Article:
London 13/10/2011 - Base metal traded lower during Thursday morning LME trading, following the euro lower as it softened to 1.3725 against the dollar from yesterday's three-week high.
"I don't see prices getting too high. Rallies are there to be sold into,” a trader said. "The euro had been limping along this morning and base metals have immediately come off with it."
“We’re stuck in range with a bear basis and will remain that way until there is an uptick in economic growth," he added. "This is looking negligible as Europe and the US are seeing a drop in demand and, as we are seeing, relying on emerging makers is not the answer."
The metals industry had been hoping China would start to restock after the Golden Week holiday last week and had estimated the country’s copper inventories at the end of 2010 to be around 1-1.5 million tonnes but these were actually at 1.9 million tonnes, according to data released overnight.
“We keep hearing that there is a harsher landing than first thought on terms of Chinese buying and that is one of the reasons base metal price have been softer of late.” the trader said. "Chinese hunger seems to be satisfied in the short term. There may be a nibble here and there but I don't see any huge purchases."
But copper imports into China in September provided some support to prices. China imported 380,526 tonnes of copper during this month, the highest monthly total this year and an increase of 11.8 percent from August, according to data from China’s General Administration of Customs.
"This increase in imports seems to have mainly been driven by the fall in copper prices of more than 30 percent, which attracted traders back into the market, with some orders used to restock after the decline in domestic stockpiles," FastMarkets analyst Jono Remington-Hobbs said.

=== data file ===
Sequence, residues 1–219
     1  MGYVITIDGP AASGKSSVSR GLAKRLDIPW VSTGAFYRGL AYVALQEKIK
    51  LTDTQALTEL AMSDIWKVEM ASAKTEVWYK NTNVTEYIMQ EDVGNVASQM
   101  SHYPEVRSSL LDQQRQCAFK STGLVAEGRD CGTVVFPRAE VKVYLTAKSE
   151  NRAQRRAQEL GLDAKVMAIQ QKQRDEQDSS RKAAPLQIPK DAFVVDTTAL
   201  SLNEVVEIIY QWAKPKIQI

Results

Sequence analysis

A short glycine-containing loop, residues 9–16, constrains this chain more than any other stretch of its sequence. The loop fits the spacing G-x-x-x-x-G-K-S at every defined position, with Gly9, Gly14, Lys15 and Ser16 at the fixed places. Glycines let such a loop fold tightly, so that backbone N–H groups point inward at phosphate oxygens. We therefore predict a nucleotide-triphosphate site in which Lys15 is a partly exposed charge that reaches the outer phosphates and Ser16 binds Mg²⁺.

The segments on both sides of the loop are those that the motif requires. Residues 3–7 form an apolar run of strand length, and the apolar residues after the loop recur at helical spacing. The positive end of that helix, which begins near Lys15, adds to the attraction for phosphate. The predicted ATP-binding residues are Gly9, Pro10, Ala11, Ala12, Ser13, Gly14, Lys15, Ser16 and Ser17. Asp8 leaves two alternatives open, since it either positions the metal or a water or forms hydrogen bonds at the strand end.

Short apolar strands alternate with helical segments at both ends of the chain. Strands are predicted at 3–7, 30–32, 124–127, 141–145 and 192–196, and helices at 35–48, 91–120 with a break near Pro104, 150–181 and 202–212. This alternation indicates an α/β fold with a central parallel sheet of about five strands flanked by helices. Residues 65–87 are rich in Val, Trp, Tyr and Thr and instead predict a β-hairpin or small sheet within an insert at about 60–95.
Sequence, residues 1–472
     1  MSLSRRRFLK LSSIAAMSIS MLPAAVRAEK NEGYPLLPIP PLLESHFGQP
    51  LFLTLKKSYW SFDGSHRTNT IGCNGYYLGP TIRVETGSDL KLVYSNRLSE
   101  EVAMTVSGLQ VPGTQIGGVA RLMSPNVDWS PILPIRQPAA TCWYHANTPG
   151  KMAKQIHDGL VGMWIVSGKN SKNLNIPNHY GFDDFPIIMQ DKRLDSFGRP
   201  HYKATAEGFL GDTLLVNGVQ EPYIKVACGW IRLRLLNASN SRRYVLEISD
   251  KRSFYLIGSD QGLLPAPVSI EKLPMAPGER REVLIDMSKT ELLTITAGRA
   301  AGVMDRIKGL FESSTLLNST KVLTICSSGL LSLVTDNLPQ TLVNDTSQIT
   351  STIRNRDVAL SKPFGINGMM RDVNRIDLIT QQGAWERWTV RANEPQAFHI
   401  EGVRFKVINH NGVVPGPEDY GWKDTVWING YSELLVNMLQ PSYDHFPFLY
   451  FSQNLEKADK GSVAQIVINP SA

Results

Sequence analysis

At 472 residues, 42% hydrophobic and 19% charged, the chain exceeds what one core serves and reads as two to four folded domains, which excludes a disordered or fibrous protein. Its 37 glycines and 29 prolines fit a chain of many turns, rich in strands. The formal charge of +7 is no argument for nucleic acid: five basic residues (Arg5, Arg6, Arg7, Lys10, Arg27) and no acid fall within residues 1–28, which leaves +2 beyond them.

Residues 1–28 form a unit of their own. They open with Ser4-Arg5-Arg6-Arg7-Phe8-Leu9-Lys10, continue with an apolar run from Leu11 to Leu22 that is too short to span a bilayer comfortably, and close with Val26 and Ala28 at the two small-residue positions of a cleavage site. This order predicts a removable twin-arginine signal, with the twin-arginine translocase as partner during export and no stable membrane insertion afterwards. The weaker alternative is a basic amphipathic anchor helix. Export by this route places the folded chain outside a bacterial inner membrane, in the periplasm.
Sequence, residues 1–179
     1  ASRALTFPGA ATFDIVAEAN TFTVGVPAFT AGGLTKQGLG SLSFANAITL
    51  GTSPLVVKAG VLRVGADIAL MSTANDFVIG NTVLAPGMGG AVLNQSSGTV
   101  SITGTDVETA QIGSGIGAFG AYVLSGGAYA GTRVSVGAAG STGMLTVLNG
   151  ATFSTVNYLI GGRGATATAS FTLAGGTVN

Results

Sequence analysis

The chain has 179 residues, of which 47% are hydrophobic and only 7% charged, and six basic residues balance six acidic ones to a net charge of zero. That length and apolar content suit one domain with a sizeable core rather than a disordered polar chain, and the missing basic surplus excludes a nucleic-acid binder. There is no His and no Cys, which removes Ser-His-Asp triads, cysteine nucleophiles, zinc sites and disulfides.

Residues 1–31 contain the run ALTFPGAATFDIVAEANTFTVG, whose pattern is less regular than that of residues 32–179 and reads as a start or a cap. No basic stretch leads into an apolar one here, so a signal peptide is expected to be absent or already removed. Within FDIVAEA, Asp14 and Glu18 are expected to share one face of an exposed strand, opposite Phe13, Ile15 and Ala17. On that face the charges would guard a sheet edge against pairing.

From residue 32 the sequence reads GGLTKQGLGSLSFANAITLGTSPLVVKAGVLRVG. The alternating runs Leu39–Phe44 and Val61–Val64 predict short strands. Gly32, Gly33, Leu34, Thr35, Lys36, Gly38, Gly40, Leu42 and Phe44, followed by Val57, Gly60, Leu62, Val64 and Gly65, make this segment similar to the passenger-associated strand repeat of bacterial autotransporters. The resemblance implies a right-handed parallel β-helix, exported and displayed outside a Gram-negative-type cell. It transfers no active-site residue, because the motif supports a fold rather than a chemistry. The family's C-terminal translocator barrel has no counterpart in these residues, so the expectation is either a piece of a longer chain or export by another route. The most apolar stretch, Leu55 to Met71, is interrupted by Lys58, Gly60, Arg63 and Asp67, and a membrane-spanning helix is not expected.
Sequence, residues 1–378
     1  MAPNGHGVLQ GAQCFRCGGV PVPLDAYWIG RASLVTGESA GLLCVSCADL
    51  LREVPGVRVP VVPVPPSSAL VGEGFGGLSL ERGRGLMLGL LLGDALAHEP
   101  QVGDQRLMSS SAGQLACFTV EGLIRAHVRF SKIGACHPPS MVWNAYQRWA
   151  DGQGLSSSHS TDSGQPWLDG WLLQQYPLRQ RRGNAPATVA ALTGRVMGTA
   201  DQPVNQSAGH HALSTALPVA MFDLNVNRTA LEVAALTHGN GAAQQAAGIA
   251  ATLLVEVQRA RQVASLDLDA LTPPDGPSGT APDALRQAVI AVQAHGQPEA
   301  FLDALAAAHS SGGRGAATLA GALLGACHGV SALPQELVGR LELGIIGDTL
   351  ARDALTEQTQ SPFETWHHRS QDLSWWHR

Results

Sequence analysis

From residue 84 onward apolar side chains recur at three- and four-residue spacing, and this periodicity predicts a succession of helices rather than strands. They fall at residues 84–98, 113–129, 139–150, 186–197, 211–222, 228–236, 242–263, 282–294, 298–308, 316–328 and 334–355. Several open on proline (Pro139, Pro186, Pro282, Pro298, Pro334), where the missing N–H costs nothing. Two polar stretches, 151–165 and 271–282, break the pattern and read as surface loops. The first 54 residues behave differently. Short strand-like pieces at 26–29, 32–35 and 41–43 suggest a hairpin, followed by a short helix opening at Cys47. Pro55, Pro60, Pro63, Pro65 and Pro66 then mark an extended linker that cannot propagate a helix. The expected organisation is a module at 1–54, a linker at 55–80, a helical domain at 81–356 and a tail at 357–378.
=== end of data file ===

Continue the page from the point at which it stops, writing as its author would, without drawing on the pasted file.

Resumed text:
"We think this import data is mildly bullish for the copper market but again it must be interpreted in the context of the larger macroeconomic picture," he added.
PRICES DROP ACROSS THE COMPLEX
Copper slipped back under the $7,400 to trade at $7,385, a loss of $144 or around two percent on yesterday’s close.
Warehouse stocks were down a net 3,900 tonnes at 453,100 tonnes, the lowest since April 20. Cancelled warrants were up 6,175 tonnes to 51,850 tonnes, due to Busan cancelling 17,625 tonnes, Gwangyang 18,650 tonnes and Singapore 12,925 tonnes.
Aluminium prices fell $31 to $2,218. The metal’s February/March spread has come under scrutiny, as the spread shows a $2 backwardation - and for this to happen so early is unusual. The tightness has been attributed to a European bank purchasing large amounts to circumvent long warehouse queues in Detroit.
“One would expect this [backwardation] to fizzle out closer to prompt,” the trader said. "It might upset a few hedges on the way. It is unusual that it is tight so early though."
The December/January spread is also becoming tighter, trading at $7 contango this morning. Should this fall below $5 contango, it could prompt some selling, an aluminium trader said.
Stocks dropped 4,025 tonnes to 4,551,675 tonnes, while cancelled warrants increased 400 tonnes to 232,500 tonnes.
Lead was among the worst hit this morning, dropping $51 or around 2.5 percent to $2,019. Inventories continued to rise, up another 1,475 tonnes to a fresh all-time high of 388,325 tonnes. But cancelled warrants were also up at 7,225 tonnes, an increase of 525 tonnes.
Zinc dropped $20 to $1,925 although stocks continue to fall, dropping 3,675 tonnes to 798,875 tonnes - the lowest since April 19. Cancelled warrants fell 1,100 tonnes to 67,050 tonnes.
Nickel stocks fell 762 tonnes to 91,020 tonnes while cancelled warrants increased 948 tonnes to 6,612 tonnes. At $18,834, the metal was recently down $246.
Tin inventories rose 125 tonnes to 19,035 tonnes but cancelled warrants were also up, rising 110 tonnes to 3,394 tonnes. Tin fell $600 to $22,400.
Steel was quoted at $540/545 and, in the minor metals, cobalt was quoted at 30,000/43,000 and molybdenum was offered at $30,300
(Editing by Mark Shaw)